Monday, September 21, 2009


I like peaceful gardens. Usually native plants intermingled with exotics. A water feature or small pond with fish always makes a great serene environment. Smells and visuals and sounds all contribute to a peaceful garden.

A small garden can be as tranquil as a larger garden with all the above ideas. I have seen small areas being converted to an oasis. Brightly coloured pot-plants with justifying plants displaying them. The right balance of foliage compared to flowers is essential to any garden. To me, the rose flower is very attractive, but the foliage of it (especially as a Gardener, as touched on before) can be very prickly and ugly. If there are roses in your garden, I would make sure you have other foliage and colour nearby to detract from the ugliness of the rose. Or what ever plant you enjoy in its flowering months but is uneasy on the eye through the rest of the year. Many of you may have realised I am a Native lover, however there is an example of a native plant that is gorgeous when it is in bloom; however when there is no flowers, it is ugly and I believe it looks like a weed. The plant in which I talk about is - Leschinaultia biloba. Of course, its quite subjective. One of my favourite plants are phebaliums - Geebungs, however I know many people are disappointed when they see them. I also love Camellias, which is quite ironic for a Gardener as they are extremely messy.
Aromas are another positive for a garden. Unless, of course, you are allergic to some of the wondrous smells our plants have. There are foliage smells - Boronias, or flowering smells - roses. There are strong smells - Jasmine, and mild smells - Eucalyptus. I think it depends on what you are trying to accomplish for your garden. Personally, I believe in only having mild smells and one or two strong smelling plants. Having said that, smell is an interesting sense. What someone may find overwhelming, another may not be able to even smell it. Boronias are a good example of this. I used to work in a nursery and when we had to do boronia cuttings, I would have to be closest to the door and it had to be open. Some species I couldn't do at all as I would get a huge head-ache or a migraine. My mother, on the other hand could not smell boronias at all! Even Boronia mollis which to me and many of my work mates, smelt like vomit.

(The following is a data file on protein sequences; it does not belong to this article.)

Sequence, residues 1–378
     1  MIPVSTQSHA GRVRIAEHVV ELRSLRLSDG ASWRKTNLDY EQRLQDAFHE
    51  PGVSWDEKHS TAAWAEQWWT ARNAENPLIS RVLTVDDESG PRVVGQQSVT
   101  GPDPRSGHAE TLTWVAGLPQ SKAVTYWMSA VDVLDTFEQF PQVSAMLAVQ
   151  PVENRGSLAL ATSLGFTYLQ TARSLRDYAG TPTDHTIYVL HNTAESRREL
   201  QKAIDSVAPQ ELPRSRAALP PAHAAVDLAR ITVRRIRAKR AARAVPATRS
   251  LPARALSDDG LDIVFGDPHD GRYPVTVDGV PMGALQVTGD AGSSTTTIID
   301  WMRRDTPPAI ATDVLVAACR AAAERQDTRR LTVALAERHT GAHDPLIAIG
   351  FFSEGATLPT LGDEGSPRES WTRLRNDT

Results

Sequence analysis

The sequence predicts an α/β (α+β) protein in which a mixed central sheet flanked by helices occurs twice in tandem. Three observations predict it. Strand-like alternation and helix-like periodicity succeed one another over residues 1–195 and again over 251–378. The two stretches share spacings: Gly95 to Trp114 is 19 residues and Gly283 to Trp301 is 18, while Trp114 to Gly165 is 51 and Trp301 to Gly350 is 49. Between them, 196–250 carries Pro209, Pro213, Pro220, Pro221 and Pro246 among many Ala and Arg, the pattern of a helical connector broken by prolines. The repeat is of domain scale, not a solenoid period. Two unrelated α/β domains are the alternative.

Another such example is Phebalium ambiens. To me, it smelt like soap; to another work-mate, it smelt like possum pee and to another work-mate, it smelt like cinnamon. Some clients houses I go into and I feel sick and they can't smell anything!

I guess its all subjective, like anything.

My ideal garden, would be colours, soft aromas and contrasting foliage. A pond or water feature (using recycled water) would be ideal. And an area I could sit and take it all in. I do like lawn. I understand is needs water, however most of the native blends have attributed to this.